Finally, Admiral McConnell oversaw completion of the intelligence community’s Civilian Joint Duty Program, which is designed to broaden the experience of intelligence personnel beyond their home entity and facilitate greater integration. This program was modeled on the U.S. military’s requirement that officers serve in positions outside of their military service as a prerequisite for promotion to flag rank. The Joint Duty Program institutes a similar requirement for promotion.
Although 21st-century national security challenges require integration of all U.S. intelligence capabilities, the 9/11 Commission found that there was no place that all intelligence capabilities came together below the level of the then-Director of Central Intelligence. There was no equivalent to the U.S. military’s combatant commanders—high-ranking flag officers with authority over troops from all the military services in their area and responsible for employing those troops to fight wars.
The 9/11 Commission thus recommended the creation of National Intelligence Centers as the equivalent of those combatant commanders. These centers were to have authority and responsibility over intelligence assets for major intelligence missions such as Iran and Russia. They would be separate from the standing intelligence entities and would themselves task collection and analysis back to them. The commission also envisioned the centers conducting long-range, strategic-level analysis in-house to make up for the insufficiency of such analysis conducted by the intelligence entities themselves. The commission’s premier center was the National Counterterrorism Center, intended to lead U.S. intelligence and be the preeminent analytic center for counterterrorism. The 2004 act created this center, authorized the DNI to create National Intelligence Centers for other missions, and permitted the DNI to transfer a hundred personnel to a center during its first year.
A commission appointed by President George W. Bush to investigate the intelligence failures of the Iraq war, called the Commission on the Intelligence Capabilities of the United States Regarding Weapons of Mass Destruction, further examined the concept of reorienting U.S. intelligence toward missions. In its 2005 report, the commission endorsed re-orienting U.S. intelligence toward missions, but it also articulated the concept of “mission managers.” The 9/11 Commission’s conception of the National Intelligence Center was that it would conduct strategic analysis in-house, while the Bush Administration commission’s “mission managers” would task out all other analysis to the preexisting intelligence entities.
The National Counterterrorism Center was stood-up and mission managers were appointed for counter-proliferation, counterintelligence, Iran, North Korea and Cuba/Venezuela. Ambassador Negroponte also issued a directive, dated December 21, 2006, on mission manager authorities, which appeared robust: setting priorities for and tasking collection and analysis, determining the effectiveness of U.S. intelligence’s efforts, identifying gaps, and recommending resource allocations.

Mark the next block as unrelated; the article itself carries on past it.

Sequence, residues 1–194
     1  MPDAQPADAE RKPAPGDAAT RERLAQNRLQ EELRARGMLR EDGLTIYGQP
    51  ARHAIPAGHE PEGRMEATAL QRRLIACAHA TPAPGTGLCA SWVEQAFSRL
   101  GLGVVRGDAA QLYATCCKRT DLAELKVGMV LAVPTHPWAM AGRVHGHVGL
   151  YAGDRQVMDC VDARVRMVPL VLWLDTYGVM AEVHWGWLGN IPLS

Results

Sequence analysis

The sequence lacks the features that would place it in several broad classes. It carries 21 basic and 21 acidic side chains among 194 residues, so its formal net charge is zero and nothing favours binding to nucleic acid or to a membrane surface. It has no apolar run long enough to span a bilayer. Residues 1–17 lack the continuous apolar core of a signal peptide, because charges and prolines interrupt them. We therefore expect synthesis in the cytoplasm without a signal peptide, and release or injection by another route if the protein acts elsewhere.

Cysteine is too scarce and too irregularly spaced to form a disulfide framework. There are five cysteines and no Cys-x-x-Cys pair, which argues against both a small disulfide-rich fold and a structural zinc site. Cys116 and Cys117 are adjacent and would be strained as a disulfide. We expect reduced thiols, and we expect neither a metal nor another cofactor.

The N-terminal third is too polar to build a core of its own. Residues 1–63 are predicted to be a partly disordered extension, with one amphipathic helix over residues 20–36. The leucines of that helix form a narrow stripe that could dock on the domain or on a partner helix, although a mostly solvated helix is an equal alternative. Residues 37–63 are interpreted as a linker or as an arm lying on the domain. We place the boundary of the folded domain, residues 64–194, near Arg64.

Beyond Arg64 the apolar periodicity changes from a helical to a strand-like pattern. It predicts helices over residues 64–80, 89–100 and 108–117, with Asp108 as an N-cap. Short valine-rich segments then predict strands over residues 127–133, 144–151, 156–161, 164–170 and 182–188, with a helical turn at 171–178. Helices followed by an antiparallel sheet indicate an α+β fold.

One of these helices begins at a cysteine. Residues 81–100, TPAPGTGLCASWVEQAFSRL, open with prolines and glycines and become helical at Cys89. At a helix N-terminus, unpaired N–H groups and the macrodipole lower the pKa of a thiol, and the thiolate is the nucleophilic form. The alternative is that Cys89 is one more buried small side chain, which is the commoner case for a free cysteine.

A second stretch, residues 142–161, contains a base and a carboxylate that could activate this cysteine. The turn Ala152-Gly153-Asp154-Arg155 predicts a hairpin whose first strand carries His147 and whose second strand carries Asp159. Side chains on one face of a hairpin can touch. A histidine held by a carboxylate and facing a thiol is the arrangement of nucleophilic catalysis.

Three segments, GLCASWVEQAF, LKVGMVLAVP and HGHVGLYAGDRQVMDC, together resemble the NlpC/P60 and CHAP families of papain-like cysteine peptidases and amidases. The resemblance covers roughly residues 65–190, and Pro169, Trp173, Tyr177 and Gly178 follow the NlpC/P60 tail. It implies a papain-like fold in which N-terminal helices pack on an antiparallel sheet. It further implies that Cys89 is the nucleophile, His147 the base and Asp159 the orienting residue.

Objectives and Practical Steps for the Obama Administration
It should be clear that much organizational and intellectual scaffolding for genuine intelligence reform has already been laid, beginning with the 2004 act itself and continuing through Admiral McConnell’s tenure as DNI. The Obama Administration should therefore not seek to reinvent the organizational wheel by engaging in a months-long process of revising documents such as Vision 2015 or E.O. 12333. Rather, it should focus on the arduous task of truly implementing intelligence reform, revising existing reform initiatives only as the need becomes apparent. To do so, the Obama Administration should ensure that the DNI exercises his authorities to their maximum, makes hard choices and breaks bureaucratic china as needed.
One way to structure a more specific discussion of what needs to be done is to employ a time-honored but often neglected method of the enlightened policy planner: to articulate goals. What should the new Administration and its DNI hope to have accomplished by the end of the term, in January 2013?
The sine qua non of success for U.S. intelligence has not changed. It must intercept and neutralize terrorist and proliferation threats, as well as provide timely and relevant intelligence to assist policymakers in exploiting opportunities and responding to challenges. It must do these things, however, in what will likely be an austere fiscal environment. But the DNI’s goals for January 2013 must also include testing the adequacy of the 2004 act as it evolves in practice. Critics contend that the DNI still lacks sufficient authority to achieve the goals of intelligence reform. The debate can be resolved decisively if the DNI uses the authorities in the act and E.O. 12333 to their maximum. Thus by January 2013 the DNI should achieve full control over both the intelligence budget submitted to Congress and the execution of the intelligence appropriation. He should demonstrate that he can use these authorities to make and enforce a variety of difficult or unpopular choices: improving integration, decreasing duplication and cutting underperforming acquisition programs, for example. If additional statutory authorities become necessary, then appropriate legislation should be enacted by the end of 2012, if not well before.